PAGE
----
Dr. Filippini distills decades of research into easily actionable strategies. Her recommendations are effective in the classroom, small group, or one-on-one setting. She shares the art and science of how to create a calm, organized learning environment.

Listen to this episode, subscribe on iTunes or Stitcher, or stream the episode below:

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The Science of Spelling with Pete Bowers, PhD (The Exceptional Educator, Ep. 3)

The Science of Spelling with Pete Bowers, PhD (The Exceptional Educator, Ep. 3) (BayTreeBlog.com)

Have you ever heard a teacher say, “Just sound out the word,” to a struggling young speller?

Or maybe you’ve said those words to a student yourself?

This simple strategy frequently backfires, especially for kids with dyslexia. Why do students end up spelling words like “jumpt,” or “advenchur”?

In this episode, Dr. Pete Bowers reveals why “sounding it out” isn’t enough. He demonstrates how sound-symbol correspondence is a key principle in literacy instruction, but often we miss crucial components of our writing system: orthography and morphology. What’s more, research shows that this type of instruction is most powerful for struggling learners.

Using Pete’s methods, teachers can revolutionize spelling instruction into a dynamic opportunity to foster logical thinking, vocabulary development, and deepen literacy skills.

Pete Bowers

Dr. Pete Bowers

Pete Bowers is the founder of the WordWorks Literacy Center in Ontario, Canada. In his career, he’s worked as an elementary classroom teacher, researcher, writer, and worldwide presenter. He’s a sought-after speaker in North America, Europe, Africa, Asia, and Australia.

This summer, I had the pleasure of attending a conference Pete presented here in California, and it transformed my understanding of spelling and inspired my teaching. I know you guys are gonna love this one!

Listen to this episode, subscribe on iTunes or Stitcher, or stream the episode below:

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How to Teach Students Who Are Too [Insert Emotion] to Learn, with Diana Kennedy (The Exceptional Educator, Ep. 2)

How To Teach Students Who Are Too [Insert Emotion] to Learn (BayTreeBlog.com)

For a moment, I considered titling this episode, “How To Be A Cool Cucumber When Your Students Are Angry Apples.”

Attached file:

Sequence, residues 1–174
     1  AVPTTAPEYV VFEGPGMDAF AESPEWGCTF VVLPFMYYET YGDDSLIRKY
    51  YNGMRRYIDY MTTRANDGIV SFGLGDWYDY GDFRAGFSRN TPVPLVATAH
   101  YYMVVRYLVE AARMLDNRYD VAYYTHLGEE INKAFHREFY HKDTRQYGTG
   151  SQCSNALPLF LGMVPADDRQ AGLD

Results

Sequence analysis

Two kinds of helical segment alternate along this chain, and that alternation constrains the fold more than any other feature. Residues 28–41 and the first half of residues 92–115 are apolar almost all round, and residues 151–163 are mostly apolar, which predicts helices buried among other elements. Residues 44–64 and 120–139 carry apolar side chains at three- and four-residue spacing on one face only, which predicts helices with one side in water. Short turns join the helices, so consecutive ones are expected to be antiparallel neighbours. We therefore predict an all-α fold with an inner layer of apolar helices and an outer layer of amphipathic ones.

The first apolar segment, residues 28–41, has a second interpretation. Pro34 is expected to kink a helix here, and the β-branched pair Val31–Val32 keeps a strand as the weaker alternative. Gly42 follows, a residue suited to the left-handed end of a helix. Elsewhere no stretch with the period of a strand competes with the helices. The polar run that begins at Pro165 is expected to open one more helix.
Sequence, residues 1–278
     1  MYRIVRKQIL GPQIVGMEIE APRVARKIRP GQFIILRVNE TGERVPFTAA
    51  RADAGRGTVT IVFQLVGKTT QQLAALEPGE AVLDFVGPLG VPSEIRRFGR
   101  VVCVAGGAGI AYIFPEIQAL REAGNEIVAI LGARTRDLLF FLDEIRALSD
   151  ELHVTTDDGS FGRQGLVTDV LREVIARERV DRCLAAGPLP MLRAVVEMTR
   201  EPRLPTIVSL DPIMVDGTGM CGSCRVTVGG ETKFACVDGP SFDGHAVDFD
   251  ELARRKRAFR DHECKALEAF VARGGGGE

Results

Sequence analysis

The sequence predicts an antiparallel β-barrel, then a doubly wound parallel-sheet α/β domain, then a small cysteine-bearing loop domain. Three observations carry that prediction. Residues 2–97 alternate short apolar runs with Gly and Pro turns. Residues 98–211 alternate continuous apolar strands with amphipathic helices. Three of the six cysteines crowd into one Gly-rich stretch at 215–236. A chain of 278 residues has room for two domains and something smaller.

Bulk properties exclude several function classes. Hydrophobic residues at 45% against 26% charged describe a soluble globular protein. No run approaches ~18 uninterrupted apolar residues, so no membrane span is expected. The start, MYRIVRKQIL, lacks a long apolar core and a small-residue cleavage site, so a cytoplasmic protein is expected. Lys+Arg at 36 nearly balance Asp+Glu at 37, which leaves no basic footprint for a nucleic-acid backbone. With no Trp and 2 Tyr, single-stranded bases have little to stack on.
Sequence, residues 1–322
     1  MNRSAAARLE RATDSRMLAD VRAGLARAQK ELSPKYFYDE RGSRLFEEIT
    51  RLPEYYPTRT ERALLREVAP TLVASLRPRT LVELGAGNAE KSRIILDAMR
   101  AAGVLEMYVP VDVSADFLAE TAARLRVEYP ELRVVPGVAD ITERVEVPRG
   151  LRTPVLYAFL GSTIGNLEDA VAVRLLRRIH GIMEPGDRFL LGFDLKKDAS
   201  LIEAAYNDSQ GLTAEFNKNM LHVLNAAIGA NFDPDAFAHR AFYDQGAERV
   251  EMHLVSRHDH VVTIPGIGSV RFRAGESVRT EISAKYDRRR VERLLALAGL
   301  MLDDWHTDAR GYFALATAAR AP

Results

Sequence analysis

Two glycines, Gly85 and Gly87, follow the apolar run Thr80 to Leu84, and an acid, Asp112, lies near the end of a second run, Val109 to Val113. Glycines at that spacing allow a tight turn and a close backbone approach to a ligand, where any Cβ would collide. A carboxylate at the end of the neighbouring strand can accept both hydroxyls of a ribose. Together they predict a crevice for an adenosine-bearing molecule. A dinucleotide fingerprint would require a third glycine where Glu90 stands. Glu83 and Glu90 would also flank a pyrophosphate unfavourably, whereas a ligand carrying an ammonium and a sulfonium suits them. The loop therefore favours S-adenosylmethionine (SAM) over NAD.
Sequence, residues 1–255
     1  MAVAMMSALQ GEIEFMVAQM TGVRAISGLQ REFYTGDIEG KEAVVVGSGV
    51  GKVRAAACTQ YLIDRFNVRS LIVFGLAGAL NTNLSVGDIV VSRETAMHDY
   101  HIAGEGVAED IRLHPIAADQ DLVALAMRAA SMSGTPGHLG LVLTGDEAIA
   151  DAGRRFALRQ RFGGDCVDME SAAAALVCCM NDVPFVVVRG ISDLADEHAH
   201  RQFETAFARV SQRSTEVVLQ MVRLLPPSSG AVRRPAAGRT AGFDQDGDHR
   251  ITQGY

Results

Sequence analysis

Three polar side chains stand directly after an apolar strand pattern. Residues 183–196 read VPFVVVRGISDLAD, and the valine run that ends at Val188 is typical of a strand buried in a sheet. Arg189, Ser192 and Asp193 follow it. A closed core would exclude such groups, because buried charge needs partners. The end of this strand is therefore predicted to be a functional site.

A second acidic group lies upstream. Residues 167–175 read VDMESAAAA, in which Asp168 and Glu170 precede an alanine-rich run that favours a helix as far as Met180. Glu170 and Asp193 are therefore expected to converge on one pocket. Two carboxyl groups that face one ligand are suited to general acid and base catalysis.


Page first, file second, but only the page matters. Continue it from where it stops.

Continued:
Too much fruit.

I don’t know about you, but remaining calm when a student is in pain is one of the most challenging parts of being an effective educator. And forget about actually teaching when a student goes nuclear.

Diana Kennedy

Diana Kennedy

To help us manage these common difficulties, I’d like to introduce you to my friend and colleague, Diana Kennedy. Diana is a fellow educational therapist who runs a thriving private practice in Marin County, California. She’s compassionate and playful, and one of the best educational therapists I know.

Listen to this episode and subscribe on iTunes or Stitcher or stream the episode below:

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Do You Make These 3 Mistakes Teaching Phonemic Awareness?

3 Mistakes You Could Be Making With Phonemic Awareness (BayTreeBlog.com)

You know that nagging voice inside your head? The one that says that you’re missing something BIG?

“What’s wrong with my teaching?” it says. “Why can’t my students do something as simple as blending together three sounds?”

The little worries keep piling up. Most of your students are doing fine. But that little voice reminds you that things are not working for all of your students.

“Well, those students aren’t trying as hard. They’re just distracted,” you say.

“What if it has nothing to do with your students?” the voice replies.

What if it really is you? What if that little voice is telling the truth?

We’ve all been there, and THAT’S the truth.

I know I have.

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37 Ways to Help Students with Dyslexia Flourish in the Mainstream Classroom

Classroom Tips for Teaching Students With Dyslexia (BayTreeBlog.com)

As promised, here is guest post number two!

I feel honored to be featured on Rachel Lynette’s popular blog, Minds In Bloom. I’ve included the introduction to the article below. You’ll find my 37 tips over at Minds In Bloom (link below). Please enjoy and share with a friend if you’re moved to do so!

37 Ways to Help Students with Dyslexia Flourish in the Mainstream Classroom

You work so hard. You’re dynamite with your students. You spend hours preparing your classroom activities. And yet, your hard work isn’t paying off for all of your students.

You’re not alone.

Most classroom teachers have a small handful of students who misspell words, struggle to memorize math facts, or hate to read out loud. Sound familiar?

Chances are good that some of these students have dyslexia.

Dyslexia is a loaded word.

There are lots of misconceptions and misunderstandings about this condition. Maybe you’ve heard a few of these myths?

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Teaching Tools for Educational Specialists